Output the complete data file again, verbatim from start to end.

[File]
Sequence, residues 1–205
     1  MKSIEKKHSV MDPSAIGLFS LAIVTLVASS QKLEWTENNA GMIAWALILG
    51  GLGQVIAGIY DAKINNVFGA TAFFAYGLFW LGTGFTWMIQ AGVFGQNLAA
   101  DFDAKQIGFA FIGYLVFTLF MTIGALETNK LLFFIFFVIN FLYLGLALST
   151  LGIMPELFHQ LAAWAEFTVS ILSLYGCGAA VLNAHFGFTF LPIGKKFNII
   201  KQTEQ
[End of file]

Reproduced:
Sequence, residues 1–205
     1  MKSIEKKHSV MDPSAIGLFS LAIVTLVASS QKLEWTENNA GMIAWALILG
    51  GLGQVIAGIY DAKINNVFGA TAFFAYGLFW LGTGFTWMIQ AGVFGQNLAA
   101  DFDAKQIGFA FIGYLVFTLF MTIGALETNK LLFFIFFVIN FLYLGLALST
   151  LGIMPELFHQ LAAWAEFTVS ILSLYGCGAA VLNAHFGFTF LPIGKKFNII
   201  KQTEQ